With peanut prices on the rise, Rodney Dawson plans to commit 15% more of his acreage to peanut production in 2012. Extensive irrigation systems help him manage the risk of drought that has impacted Georgia in recent years.
High peanut prices mean more acres, but margins are key
Rodney Dawson is nuts for peanuts. And why not—the industry has come rolling back after surviving a major foodborne illness scare in 2009. The Hawkinsville, Ga., farmer realized gross profits more than $1,000 per acre in 2011. He’s so satisfied, he plans to commit an additional 15% of his acreage to the crop in 2012.
Peanut butter might be a staple on every shelf, but growing the raw ingredient is often a high-risk proposition. The equipment littering Dawson’s farmyard is one clue that something different is growing here. Blue Amadas-brand combines, a vine lifter and a contraption called a digger/shaker/inverter line up next to peanut carts and rotary disks that look more like construction tools.
According to 2011 University of Georgia Enterprise Budgets, total machinery costs for peanuts average more than $265 an acre. That’s 25% of total irrigated costs of production and 35% of non-irrigated costs.
But peanut profits are healthy right now, thanks to strong con-sumer demand for the low-cost
protein source and a shortage of product due to extreme drought in the South, explains Marshall Lamb of the National Peanut Research Laboratory.
Higher cotton prices also have factored into fewer acres. In Georgia, area planted to peanuts is the lowest since 1982, and planted acres in Texas are the lowest since 1926. Planted area continues to decrease in the Virginia–North Carolina region as growers have switched to more profitable crops such as corn, soybeans and cotton.
Dawson currently farms 7,200 acres of cotton and 950 acres of peanuts—substantial acreage by Georgia standards, which produces 45% of all U.S. peanuts. His plan is to plant at least 1,000 of his cotton acres to peanuts this year. Georgia farmers received an average 29¢ per pound of peanuts in December, which is 23% higher than the same time in 2010, according to USDA.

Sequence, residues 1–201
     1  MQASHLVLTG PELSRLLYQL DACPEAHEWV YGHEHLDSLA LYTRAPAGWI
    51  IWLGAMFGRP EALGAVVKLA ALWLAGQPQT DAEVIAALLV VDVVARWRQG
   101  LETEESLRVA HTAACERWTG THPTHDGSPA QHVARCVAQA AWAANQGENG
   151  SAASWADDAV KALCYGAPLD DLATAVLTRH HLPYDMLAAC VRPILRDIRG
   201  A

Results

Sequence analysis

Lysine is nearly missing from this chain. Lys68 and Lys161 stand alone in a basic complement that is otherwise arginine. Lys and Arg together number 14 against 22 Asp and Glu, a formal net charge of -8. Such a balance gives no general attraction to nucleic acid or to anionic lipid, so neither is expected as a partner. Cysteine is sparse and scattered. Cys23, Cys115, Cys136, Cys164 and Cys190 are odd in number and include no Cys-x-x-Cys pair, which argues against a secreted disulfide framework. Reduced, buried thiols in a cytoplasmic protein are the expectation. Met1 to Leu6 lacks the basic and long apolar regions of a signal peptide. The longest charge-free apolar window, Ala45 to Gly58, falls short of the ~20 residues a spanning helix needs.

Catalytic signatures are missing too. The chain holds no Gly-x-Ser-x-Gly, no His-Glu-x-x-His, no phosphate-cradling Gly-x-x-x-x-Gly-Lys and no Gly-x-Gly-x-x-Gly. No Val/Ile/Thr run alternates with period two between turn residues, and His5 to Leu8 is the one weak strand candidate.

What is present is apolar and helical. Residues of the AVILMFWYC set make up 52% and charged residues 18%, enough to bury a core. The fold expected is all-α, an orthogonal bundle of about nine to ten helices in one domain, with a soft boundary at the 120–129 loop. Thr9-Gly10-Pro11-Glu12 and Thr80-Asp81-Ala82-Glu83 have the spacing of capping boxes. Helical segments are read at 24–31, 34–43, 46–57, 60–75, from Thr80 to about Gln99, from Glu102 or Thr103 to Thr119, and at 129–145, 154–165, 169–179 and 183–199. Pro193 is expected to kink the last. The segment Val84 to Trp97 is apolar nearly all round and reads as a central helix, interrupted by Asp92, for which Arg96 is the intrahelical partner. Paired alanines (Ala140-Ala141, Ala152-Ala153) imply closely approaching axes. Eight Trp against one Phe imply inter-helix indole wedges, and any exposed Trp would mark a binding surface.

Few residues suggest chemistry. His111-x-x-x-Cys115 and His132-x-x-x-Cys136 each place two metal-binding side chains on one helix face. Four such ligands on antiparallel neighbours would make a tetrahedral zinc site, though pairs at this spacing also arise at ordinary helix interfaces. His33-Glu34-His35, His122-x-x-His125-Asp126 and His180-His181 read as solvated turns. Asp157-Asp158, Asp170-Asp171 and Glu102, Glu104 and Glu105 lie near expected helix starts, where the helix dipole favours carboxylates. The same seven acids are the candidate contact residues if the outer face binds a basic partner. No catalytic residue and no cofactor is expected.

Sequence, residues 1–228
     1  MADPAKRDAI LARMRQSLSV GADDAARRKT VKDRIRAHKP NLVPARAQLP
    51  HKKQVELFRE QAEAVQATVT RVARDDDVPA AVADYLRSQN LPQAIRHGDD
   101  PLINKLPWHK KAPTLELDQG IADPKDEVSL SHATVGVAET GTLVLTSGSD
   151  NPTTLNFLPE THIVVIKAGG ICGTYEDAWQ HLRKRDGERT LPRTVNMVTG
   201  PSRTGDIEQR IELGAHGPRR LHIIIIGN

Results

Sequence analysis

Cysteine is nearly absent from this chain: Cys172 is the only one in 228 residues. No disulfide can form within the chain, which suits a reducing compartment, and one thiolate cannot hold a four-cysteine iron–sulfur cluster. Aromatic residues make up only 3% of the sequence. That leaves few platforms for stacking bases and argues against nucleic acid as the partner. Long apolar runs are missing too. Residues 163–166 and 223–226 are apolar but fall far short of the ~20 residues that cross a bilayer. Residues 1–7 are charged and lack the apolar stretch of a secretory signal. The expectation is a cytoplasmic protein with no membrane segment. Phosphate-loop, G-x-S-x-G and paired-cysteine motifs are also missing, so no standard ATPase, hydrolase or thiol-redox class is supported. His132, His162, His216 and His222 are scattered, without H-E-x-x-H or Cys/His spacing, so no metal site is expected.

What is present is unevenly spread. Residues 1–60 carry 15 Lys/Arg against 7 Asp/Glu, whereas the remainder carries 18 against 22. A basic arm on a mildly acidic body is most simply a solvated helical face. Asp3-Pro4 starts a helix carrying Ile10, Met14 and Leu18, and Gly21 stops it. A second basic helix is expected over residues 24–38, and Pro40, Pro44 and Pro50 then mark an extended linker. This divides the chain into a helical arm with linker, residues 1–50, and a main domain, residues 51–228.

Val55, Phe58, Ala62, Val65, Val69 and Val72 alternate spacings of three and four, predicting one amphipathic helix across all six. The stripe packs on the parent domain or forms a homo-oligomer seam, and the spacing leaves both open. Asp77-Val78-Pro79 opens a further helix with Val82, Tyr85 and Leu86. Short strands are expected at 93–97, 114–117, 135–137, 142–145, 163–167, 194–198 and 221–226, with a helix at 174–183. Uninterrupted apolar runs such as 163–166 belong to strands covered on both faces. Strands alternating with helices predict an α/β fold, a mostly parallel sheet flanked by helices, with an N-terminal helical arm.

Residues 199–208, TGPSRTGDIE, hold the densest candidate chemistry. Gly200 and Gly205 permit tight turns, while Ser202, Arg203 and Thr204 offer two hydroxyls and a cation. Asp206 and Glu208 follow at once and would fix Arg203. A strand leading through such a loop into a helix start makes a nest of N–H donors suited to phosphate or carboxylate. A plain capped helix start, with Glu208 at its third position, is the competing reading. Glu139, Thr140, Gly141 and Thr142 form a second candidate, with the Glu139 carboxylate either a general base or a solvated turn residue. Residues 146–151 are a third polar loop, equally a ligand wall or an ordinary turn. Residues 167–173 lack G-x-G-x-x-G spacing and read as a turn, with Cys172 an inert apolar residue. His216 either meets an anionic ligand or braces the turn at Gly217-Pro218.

For those with a decent crop and a handle on managing fixed costs, such as equipment, profits look strong for 2012. Prices are better than they were in 2011 going into spring, notes Nathan Smith, a farm economist with the University of Georgia. There’s a lower supply, so more acres are needed, he says. Early contracts for 2012 peanuts are going between $650 and $750 per ton, still good prices. The question is whether farmers should hold out for even higher prices and plant without a securing a contract first.
Dawson took this risk last year and saw his contract jump $500 or more per ton. "It was the second year in history I didn’t take a contract before planting, and I made a great marketing decision that really paid off," he says.
Conventional wisdom is that the industry might have learned to come with contracts to farmers earlier, says Don Koehler, executive director of the Georgia Peanut Commission. "The big question is, what kind of contracts will they come with? It has been my observation that the first price has never been the best price offered," Koehler notes.
Peanut production has always been high risk/reward, but never as much as it is today with risk of drought. Southern weather forecasters are predicting this spring will be warmer and drier than normal, and ponds and lakes are low, making them hard to draw on for irrigation.
This past summer’s long, hot drought pummeled farmers, but Dawson put all of his peanut production under irrigation and plans to do the same this year. "We started adding irrigation 30 years ago," he says. In the ’80s, irrigation cost between $700 and $900 per acre. Today, it costs between $1,400 and $2,500 per acre.
- February 2012